EDITOR’S COMMENT

By STEFANO HATFIELD, campaignlive.co.uk, Friday, 30 October 1998 12:00AM

Procter & Gamble is quietly going about cutting its standard commission rate to 13.5 per cent (more like 11.5 per cent once the payment to the media agency is taken into account). Perhaps the net result is the loss of one percentage point of income. For P&G agencies, that hurts.

Procter & Gamble is quietly going about cutting its standard

commission rate to 13.5 per cent (more like 11.5 per cent once the

payment to the media agency is taken into account). Perhaps the net

result is the loss of one percentage point of income. For P&G agencies,

that hurts.



It’s a further sign of P&G’s new management under Durk Jager playing

hardball with suppliers. It follows the giant media centralisations on

both sides of the Atlantic, as P&G wakes up to its own power,

particularly as the world’s largest buyer of TV airtime.



I believe P&G holds the key to the great shake-up of global agency

groupings, both creative and media, that is already under way. Central

to this is its future policy on conflict, about which it has to date

been entirely inflexible.



Recently, the heads of P&G’s agencies (Grey, Leo Burnett, Saatchi &

Saatchi, DMB&B and Euro RSCG) were summoned to its global HQ in

Cincinnati to be beaten up. The gist of the inquisition was why are we,

P&G, the world’s largest advertiser, not served by the world’s

best/biggest agencies? (I’m not sure how much of a distinction was

made.)



I might answer that question in part on their behalf. The rigidity of

P&G’s own conflict policy deprives its agencies of significant growth

opportunities. What’s more, P&G precludes itself from working with the

Omnicom, IPG and WPP network agencies, not to mention Y&R (which

memorably chose to be a major Colgate agency over being a minor P&G

one).



It’s a state of affairs long accepted, largely - like so many status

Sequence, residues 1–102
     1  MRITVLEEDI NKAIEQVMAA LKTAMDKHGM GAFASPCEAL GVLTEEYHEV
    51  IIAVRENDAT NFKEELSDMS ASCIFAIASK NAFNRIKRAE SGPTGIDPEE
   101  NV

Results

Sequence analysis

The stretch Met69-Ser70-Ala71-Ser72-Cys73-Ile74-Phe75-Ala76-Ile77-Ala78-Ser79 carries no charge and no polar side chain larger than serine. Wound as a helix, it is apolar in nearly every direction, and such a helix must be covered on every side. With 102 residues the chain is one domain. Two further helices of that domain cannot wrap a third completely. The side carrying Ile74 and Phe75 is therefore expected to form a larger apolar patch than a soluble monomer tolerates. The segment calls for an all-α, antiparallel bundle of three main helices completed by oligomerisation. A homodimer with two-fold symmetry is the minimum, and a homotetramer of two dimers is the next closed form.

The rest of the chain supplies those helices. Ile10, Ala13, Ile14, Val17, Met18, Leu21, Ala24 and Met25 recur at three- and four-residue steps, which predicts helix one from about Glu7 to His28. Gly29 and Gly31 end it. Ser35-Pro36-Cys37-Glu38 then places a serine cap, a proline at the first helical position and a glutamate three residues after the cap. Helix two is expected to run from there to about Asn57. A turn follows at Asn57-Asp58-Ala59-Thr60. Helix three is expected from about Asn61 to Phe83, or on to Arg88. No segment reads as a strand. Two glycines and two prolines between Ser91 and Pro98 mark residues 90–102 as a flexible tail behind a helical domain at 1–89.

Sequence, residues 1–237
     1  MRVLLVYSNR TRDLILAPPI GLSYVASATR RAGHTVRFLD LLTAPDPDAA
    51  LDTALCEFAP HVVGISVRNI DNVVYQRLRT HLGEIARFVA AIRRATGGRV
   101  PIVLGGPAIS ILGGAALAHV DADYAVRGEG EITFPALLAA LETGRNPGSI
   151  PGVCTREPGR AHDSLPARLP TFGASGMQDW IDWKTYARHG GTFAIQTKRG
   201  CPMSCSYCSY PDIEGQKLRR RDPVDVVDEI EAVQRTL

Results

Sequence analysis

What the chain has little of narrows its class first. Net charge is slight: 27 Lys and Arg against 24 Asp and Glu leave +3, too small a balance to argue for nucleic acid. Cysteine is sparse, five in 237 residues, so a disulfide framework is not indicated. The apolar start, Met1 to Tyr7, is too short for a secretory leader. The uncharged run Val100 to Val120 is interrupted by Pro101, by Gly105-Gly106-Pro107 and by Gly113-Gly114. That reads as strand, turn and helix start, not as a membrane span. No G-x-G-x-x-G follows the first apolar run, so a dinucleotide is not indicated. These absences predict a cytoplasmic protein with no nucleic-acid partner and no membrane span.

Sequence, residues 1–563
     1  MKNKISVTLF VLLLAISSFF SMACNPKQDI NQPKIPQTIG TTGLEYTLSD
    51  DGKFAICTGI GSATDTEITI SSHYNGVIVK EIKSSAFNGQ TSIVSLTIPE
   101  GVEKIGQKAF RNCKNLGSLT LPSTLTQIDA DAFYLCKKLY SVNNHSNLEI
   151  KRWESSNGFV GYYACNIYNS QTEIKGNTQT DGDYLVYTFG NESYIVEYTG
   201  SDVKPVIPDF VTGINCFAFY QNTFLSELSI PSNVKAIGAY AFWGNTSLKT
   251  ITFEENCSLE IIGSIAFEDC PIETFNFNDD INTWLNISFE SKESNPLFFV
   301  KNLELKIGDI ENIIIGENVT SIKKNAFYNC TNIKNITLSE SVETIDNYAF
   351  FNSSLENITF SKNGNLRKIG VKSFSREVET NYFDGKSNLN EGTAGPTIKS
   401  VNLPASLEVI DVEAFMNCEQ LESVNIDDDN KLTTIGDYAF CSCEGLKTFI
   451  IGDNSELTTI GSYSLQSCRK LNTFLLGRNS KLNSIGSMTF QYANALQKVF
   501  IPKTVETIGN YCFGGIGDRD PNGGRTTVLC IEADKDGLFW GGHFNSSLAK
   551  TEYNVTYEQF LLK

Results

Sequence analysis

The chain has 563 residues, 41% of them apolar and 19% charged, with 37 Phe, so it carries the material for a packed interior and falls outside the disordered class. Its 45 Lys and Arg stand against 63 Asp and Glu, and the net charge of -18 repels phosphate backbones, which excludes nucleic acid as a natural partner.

quos - because that’s just the way it is and always has been. The

situation surely cannot persist indefinitely.



Media buying gives us a clue about the future. Having consolidated into

what will become StarVest, P&G has a direct interest in that agency

continuing to grow its non-P&G business in order to further add to its

negotiating clout worldwide.



StarVest’s attempt to do so - given the inexorable trend towards

regional and even global consolidations - will inevitably lead to major

conflict issues arising. Traditionally, media agencies have skated

around such problems more successfully than their creative counterparts

- just look at Zenith in the UK.



The reason they’ve been able to do so is that the financial benefit to

the client is immediately clear. Which is the argument that is starting

to hold sway in P&G’s dealings with creative agencies.



If one accepts, too, a movement toward advertising that has greater

emotional involvement with the consumer (and there is evidence of it

already - just look at Fairy Liquid), the question of whether P&G is

with the best agencies at creating that work naturally follows.



To my mind, the knock-on from any moves P&G makes affects not just the

futures of roster agencies (obviously Havas, Saatchis, Zenith and DMB&B)

but others currently looking to make deals (such as True North and

Y&R).



On a more dramatic level, while any potential future P&G dealings look

well-nigh impossible with IPG, is it so inconceivable that they could

take place with WPP or - especially - Omnicom? Whatever P&G does, it

won’t be dull.



This article was first published on campaignlive.co.uk

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